Sign language is attracting a new group of enthusiastic practitioners: parents and their infant children. The appeal of such communication has nothing to do with hearing impairments.
Instead, it's about getting in touch with the thought process of babies who can't yet speak.
Jill and Jeff Rupert of Portland, Ore., have learned 25 signs so they can teach them to their hearing baby, Joel. "We're trying sign language to communicate with Joel sooner than we would be able to if we waited for him to talk," says Jill.
The Ruperts are part of a national movement of hearing parents teaching their hearing babies and toddlers American Sign Language (ASL) to help increase communication.
"Signing gives preverbal babies a positive way to get their parents' attention," says Monte Briant, who teaches baby signing in San Diego and is the author of Baby Sign Language Basics: Early Communication for Hearing Babies and Toddlers.
Signing often calms a fussy baby, who may be demanding only because she doesn't understand what is going on.
Ms. Briant's baby objects when she lays him on the changing table but as soon as she says, and signs, "diaper change" he completely relaxes and lets her change his diaper.
"I think he stops fussing because he becomes engaged in my signing," says Briant. "He is only 6 months old and cannot sign the word himself yet, but he understands the sign perfectly."
Although younger babies can't sign yet and only have a passive understanding of what signs mean, older babies can learn to sign.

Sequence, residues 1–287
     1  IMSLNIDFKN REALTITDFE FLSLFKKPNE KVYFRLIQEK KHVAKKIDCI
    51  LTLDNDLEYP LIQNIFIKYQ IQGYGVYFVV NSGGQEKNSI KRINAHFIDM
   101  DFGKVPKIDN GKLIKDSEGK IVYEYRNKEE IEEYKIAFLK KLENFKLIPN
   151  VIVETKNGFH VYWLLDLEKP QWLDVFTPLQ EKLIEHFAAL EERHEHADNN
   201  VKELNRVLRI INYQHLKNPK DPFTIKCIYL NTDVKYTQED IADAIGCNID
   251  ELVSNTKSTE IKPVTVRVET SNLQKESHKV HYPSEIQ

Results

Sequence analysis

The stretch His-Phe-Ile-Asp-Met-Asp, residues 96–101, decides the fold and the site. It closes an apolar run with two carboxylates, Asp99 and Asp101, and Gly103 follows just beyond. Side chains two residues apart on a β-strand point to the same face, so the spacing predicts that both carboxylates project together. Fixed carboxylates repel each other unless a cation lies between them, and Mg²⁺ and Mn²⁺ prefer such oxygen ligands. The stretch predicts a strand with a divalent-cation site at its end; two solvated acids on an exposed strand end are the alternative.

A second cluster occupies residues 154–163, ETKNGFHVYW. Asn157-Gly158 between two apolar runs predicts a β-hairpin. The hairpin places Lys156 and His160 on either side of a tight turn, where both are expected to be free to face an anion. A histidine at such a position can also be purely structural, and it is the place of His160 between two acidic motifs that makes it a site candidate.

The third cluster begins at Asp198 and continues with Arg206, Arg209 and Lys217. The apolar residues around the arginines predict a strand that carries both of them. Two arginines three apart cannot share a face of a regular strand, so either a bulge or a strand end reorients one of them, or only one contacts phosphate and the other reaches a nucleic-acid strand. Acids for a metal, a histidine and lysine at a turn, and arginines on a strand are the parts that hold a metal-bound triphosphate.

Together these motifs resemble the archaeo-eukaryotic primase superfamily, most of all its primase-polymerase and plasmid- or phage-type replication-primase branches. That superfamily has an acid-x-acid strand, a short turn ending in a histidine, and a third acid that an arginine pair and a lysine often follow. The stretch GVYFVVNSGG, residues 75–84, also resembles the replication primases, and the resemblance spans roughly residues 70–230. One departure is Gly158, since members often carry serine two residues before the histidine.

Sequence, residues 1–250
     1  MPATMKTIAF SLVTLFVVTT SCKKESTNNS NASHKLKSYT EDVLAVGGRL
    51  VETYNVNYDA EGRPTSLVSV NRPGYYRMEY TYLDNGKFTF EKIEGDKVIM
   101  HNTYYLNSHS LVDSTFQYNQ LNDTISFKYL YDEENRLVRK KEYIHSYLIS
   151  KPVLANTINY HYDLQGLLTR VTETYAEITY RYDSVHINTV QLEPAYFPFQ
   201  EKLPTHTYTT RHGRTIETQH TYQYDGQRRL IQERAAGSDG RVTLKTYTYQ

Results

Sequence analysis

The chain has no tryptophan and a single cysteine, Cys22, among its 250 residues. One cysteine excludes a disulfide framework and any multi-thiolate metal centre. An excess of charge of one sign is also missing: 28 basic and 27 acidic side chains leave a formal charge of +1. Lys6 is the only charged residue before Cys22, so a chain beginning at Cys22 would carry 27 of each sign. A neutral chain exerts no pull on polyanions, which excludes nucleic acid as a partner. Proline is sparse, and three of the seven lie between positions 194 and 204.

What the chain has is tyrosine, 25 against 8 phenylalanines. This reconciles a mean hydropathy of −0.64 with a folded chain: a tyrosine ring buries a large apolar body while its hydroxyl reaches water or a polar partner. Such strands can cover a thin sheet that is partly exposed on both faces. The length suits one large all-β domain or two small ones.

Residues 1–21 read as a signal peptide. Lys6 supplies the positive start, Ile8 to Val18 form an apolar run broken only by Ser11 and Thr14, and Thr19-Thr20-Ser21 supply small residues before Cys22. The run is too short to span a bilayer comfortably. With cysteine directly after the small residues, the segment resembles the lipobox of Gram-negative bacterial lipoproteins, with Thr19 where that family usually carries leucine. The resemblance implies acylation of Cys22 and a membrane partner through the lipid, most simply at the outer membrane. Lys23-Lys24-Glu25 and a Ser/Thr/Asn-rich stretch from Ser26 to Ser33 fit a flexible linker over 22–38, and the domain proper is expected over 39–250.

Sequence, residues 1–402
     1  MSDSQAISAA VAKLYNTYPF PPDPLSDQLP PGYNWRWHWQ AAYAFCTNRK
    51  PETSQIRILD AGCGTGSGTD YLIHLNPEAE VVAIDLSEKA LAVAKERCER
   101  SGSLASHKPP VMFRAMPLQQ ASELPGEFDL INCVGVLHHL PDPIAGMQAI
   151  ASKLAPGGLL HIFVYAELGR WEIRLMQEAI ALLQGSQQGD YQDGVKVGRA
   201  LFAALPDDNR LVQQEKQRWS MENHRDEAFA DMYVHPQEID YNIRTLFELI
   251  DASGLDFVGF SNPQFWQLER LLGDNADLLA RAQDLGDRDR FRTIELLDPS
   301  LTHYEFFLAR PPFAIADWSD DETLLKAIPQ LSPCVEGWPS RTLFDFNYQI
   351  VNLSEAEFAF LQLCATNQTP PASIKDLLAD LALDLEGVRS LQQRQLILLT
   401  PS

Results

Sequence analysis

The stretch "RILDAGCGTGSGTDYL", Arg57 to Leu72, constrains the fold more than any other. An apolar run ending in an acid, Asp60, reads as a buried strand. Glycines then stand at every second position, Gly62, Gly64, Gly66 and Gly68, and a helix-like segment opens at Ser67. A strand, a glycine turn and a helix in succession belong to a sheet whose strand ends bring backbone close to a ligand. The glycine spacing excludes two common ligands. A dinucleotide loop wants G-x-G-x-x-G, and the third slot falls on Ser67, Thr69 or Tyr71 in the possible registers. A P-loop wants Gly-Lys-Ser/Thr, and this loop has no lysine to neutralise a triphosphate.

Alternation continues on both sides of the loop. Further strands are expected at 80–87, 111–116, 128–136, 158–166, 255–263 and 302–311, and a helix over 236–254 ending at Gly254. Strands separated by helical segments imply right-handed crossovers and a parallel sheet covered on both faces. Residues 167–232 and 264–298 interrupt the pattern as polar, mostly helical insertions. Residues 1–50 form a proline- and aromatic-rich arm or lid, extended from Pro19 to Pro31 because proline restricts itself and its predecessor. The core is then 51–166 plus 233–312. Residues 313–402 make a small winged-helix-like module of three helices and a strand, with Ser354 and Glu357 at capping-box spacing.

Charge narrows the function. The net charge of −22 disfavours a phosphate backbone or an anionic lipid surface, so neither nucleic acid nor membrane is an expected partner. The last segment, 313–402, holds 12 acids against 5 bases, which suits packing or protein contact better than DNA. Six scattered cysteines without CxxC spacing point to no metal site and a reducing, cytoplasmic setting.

Joel, 11 months, routinely signs "hungry" and "thirsty." He knows the signs for "bath" and "cookie" and grins ear to ear when his mom and dad use them.
"We say 'bath' and make the sign for bath, and immediately take Joel to the bathtub and put him in," says Rupert. "If he makes the sign for 'hungry' or 'thirsty' we move quickly to feed him or give him his bottle."
Jeff made photocopies from a basic sign dictionary, cut out the illustrations, and made a poster the couple hangs in their kitchen, reminding them to use their signs.
"We try to take the book with us on excursions, so if there is a new experience, we can introduce the new sign," says Jill. "For example, we took it with us to the zoo recently, and on the way there Jeff and I rehearsed the signs for the animals so that we could show them to Joel."
The idea of signing with hearing babies began with the movement's founder, Joseph Garcia, author of Sign With Your Baby.
When Dr. Garcia began working as a deaf interpreter in the late 1970s, he noticed that hearing babies of deaf parents could communicate their needs and desires at a much earlier age than children of parents who could hear.
He began conducting research of the use of American Sign Language with hearing babies of hearing parents at Alaska Pacific University in 1987.
The results astounded him. His research showed that hearing babies who are exposed to signs regularly and consistently at six to seven months of age can begin expressive communication by their eighth or ninth month.
According to Garcia, this process also helps to accelerate the acquisition of verbal language, also.
Garcia went on to develop a practical system in 1999, using 145 ASL signs, for teaching the process to parents. There are now over 600 presenters of this system across the country.
Marilyn Daniels, a professor of speech communication at Pennsylvania State University, has taken Garcia's research further and found that children from babyhood to preschool age who know sign language develop a much wider vocabulary, and that using sign language as part of the curriculum during early years boosts IQ, language, and literacy.
The process of babies signing doesn't happen instantaneously.
A common frustration parents face is when, in the early stages, many of the baby's signs appear to look the same, or the baby uses the same sign for multiple things.
However, says Briant, "If parents keep continuing to sign, and do not get discouraged, one day their baby will suddenly just sign, seemingly out of the blue."